“Your work takes too long,” my 6-year-old son informed me recently. I looked up at him from my laptop, where I was editing content for the upcoming DFWChild issue. I knew where this was going. “You need a job that takes less time so you can play with me more,” he continued, going on to suggest alternate occupations—home remodeling, perhaps?—that he thought would give me more time for Nerf battles and space wars. If he had his way, I’d be a full-time playmate.
Truth be told, I try to be as close to that as possible. But it can be exhausting.
A lot of moms deal with the “Play with me!” refrain. It became even more common during social distancing, with kids cooped up in the house and friends confined to theirs.
First things first: We adore our kids and want them to be happy. But sometimes, child’s play is the opposite of what you want to do at that given moment. Maybe you’ve had a full day of work or have been running endless errands. Perhaps you were anxious to sit down with a book or watch your favorite show to regain a little sanity. Answering your child’s “Will you play with me?” affirmatively might push you past your limit. Answering, “No, not now,” may fill you with guilt. So what’s the right answer?
Let Go of Guilt
I’m a single mom of an only child. I don’t have my son 100% of the time, so I feel like I should save all my “me time” for days he is with his dad. And he doesn’t have another kid at home to play with. But in chatting with experts, I was reminded that my kiddo doesn’t benefit if I’m completely burned out.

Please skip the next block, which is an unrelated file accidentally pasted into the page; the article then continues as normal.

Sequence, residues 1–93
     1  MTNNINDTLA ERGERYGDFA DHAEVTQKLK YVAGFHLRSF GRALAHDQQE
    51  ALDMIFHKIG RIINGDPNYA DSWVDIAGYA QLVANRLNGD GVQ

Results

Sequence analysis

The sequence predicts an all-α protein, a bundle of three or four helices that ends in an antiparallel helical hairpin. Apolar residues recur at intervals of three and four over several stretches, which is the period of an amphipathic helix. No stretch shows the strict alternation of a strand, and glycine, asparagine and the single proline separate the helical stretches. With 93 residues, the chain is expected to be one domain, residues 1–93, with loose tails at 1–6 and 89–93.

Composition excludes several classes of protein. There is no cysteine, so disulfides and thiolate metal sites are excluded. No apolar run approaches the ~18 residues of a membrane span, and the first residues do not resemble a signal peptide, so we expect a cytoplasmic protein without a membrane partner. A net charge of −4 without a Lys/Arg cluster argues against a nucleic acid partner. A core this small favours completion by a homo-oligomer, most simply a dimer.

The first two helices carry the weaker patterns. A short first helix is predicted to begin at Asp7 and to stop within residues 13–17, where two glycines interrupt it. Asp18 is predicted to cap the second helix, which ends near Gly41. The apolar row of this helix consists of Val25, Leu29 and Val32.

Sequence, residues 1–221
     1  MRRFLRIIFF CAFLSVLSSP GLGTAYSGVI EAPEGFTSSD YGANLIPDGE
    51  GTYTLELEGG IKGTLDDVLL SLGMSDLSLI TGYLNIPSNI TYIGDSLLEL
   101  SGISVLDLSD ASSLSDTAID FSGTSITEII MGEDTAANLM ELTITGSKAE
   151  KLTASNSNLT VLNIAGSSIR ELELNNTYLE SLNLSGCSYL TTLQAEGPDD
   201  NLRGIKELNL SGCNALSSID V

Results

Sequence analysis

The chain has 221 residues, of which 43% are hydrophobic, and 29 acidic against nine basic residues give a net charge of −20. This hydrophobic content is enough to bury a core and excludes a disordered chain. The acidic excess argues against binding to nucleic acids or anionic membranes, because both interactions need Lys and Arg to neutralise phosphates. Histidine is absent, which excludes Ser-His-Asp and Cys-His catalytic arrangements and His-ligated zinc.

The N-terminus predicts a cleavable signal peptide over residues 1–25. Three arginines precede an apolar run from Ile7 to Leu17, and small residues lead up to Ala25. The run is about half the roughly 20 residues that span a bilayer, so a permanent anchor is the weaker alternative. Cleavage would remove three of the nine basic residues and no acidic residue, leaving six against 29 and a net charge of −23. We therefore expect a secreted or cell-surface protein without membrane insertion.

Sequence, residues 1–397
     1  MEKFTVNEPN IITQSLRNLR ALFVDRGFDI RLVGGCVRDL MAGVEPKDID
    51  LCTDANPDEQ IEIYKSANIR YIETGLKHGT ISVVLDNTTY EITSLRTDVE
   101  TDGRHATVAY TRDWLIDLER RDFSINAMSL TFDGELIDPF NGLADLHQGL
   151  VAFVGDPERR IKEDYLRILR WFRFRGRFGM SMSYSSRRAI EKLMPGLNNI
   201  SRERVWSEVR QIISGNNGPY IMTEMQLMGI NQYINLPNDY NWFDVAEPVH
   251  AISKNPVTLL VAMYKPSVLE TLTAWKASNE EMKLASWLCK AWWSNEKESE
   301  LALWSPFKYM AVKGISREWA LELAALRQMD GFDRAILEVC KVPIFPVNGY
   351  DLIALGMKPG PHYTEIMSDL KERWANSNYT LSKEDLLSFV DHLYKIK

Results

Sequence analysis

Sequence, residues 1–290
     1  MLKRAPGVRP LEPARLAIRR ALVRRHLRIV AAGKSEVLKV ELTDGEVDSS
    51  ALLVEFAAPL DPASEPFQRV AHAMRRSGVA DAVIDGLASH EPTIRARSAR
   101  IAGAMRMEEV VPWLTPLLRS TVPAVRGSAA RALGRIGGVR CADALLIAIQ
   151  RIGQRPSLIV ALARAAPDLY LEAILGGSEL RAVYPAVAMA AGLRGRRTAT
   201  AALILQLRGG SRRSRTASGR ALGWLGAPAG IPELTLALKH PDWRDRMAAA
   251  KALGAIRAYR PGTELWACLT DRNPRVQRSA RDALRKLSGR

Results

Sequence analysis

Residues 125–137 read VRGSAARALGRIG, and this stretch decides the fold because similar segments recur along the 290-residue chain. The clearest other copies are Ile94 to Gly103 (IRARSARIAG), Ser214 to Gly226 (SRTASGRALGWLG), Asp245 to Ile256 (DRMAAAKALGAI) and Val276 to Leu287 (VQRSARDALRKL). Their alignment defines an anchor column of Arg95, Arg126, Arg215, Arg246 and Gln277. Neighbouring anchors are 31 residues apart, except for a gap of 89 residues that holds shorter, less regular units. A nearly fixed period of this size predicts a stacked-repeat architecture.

“It’s important to model self-care, the idea that I need down time and to relax,” says Dr. Kim Mangham, a pediatrician at Cook Children’s Pediatrics – Keller Parkway. “Parents need to understand that they don’t have to do it all.”
As it turns out, saying no from time to time is beneficial not only for parents but also for their offspring.
“It’s good for kids to have downtime and even be bored,” says Dr. Alice Ann Holland, a pediatric neuropsychologist who practices in Dallas and is affiliated with Children’s Health and UT Southwestern. “Boredom develops frustration tolerance, emotional regulation—the ability to manage and work through a negative feeling—and opportunities for imagination and creativity. Children will have to think to themselves, Mom can’t play. How do I deal with that? What do I do?”
Parents can facilitate play without participating themselves; it’s all about creating the right environment and opportunities. “Especially in the current situation, when perhaps children are doing virtual learning or forgoing their regular playdates, you want to create a space conducive to free play,” Holland says. “Maybe move all your furniture to the side in one room so kids can run around, hula hoop, build cushion forts and so on.”
As she indicates, the tools for play don’t need to be complicated—high-tech toys and apps are not required. That’s not to say some screen time isn’t OK. “It’s absolutely fine to say, ‘I want you to play on your iPad for an hour while I watch my show,’” says Mangham. But hour-after-hour, nonstop screen time in place of free play? Not a good idea.